I take responsibility for results mix-up – Ondo collation officer

Written by on February 26, 2019

The Ondo State Collation Officer in the Presidential and National Assembly elections, Prof. Kayode Soremekun, has taken responsibility for the mix-up which took place while announcing the results, attributing it to discrepancy.
According to him, the discrepancy arose between the manually produced report which was in his possession and the electronic version which was being projected on the screen.

It was gathered that there was drama on Monday evening at the National Collation Centre in Abuja, when Soremekun, International Relations scholar and Vice Chancellor of Federal University, Oye-Ekiti, found it difficult to match figures of results that have been declared.

After giving wrong figures, the chairman of the Independent National Electoral Commission, Prof. Mahmood Yakubu, ordered that he should tidy up the results and come back for representation after the use of ruler was not useful.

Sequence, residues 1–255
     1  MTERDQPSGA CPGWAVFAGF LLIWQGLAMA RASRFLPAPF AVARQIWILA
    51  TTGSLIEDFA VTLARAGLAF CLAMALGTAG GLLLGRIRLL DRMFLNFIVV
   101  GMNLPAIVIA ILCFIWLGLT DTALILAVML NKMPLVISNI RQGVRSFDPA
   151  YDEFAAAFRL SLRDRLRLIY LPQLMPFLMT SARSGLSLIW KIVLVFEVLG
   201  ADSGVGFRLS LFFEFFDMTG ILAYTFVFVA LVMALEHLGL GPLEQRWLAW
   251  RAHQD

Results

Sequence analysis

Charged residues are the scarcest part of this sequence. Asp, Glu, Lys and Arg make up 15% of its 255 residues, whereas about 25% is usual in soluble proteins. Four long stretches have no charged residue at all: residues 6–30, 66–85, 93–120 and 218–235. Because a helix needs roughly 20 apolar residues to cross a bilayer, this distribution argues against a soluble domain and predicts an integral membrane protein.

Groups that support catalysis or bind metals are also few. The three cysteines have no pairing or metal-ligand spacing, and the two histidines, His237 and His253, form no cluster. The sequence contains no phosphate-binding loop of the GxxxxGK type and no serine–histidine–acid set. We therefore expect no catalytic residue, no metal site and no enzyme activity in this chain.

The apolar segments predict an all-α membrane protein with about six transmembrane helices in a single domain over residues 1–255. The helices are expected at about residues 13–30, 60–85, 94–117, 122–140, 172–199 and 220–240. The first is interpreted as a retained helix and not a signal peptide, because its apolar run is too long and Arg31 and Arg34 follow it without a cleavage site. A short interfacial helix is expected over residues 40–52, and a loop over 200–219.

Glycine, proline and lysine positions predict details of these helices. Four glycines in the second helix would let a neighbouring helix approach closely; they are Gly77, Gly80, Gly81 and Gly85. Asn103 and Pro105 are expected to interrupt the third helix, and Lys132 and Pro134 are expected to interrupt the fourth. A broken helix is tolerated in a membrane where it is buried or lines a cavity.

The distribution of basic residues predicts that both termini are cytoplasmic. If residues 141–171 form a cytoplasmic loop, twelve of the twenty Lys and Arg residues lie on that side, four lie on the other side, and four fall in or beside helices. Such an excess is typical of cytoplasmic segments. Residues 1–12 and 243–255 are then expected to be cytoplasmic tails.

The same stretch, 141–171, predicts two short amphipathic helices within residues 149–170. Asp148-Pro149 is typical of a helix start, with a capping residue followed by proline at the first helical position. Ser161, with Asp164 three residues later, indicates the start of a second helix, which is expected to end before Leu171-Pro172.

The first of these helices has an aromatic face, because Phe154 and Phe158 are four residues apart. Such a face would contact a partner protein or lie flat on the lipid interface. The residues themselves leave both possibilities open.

But Soremekun, former Head, Department of International Relations at the Obafemi Awolowo University, Ile-Ife, told journalists that he would not blame anybody for such errors.

He said, “I think there was a discrepancy between the manually produced report which was in my possession and the electronic version which was being projected on the screen. As I read, the audience was able to see this contradiction and of course, they reacted, and they are right to have reacted.

“When this happened once and twice, we had to then go back to, as it were, retool. This retooling process took the form of robust interaction with relevant INEC staff. We then discovered that there was a transposition in the sense that there was a mix-up.

“The figures for one political party were given to the other, but in the context of the interaction with INEC staff, this transposition was corrected. By the time we corrected it, we were then able to, more or less get out of the situation.
I don’t want to blame anybody for this, so to that extent, I take responsibility.”

When asked if he does not believe that Nigerians are unnecessarily too critical, Soremekun said the questions they raised were an integral part of the nation’s democratic experience.

He said, “I don’t want to generalise because generalisations, by their very nature, are dangerous. I see it more as a questioning spirit on the part of Nigerians, the questions they raised is an integral part of our democratic experience.
“I can only say that individuals, including myself, should be less finicky and fastidious about certain things. I’ve said, I take responsibility and that says it all and captures the entire situation.”



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